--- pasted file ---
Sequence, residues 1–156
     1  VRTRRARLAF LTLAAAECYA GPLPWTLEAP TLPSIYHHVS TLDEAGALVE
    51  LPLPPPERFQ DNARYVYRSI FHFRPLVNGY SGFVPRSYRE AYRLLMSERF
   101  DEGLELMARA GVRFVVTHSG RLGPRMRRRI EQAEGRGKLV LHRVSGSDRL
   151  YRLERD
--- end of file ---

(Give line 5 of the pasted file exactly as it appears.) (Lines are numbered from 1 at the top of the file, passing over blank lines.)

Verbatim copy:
   151  YRLERD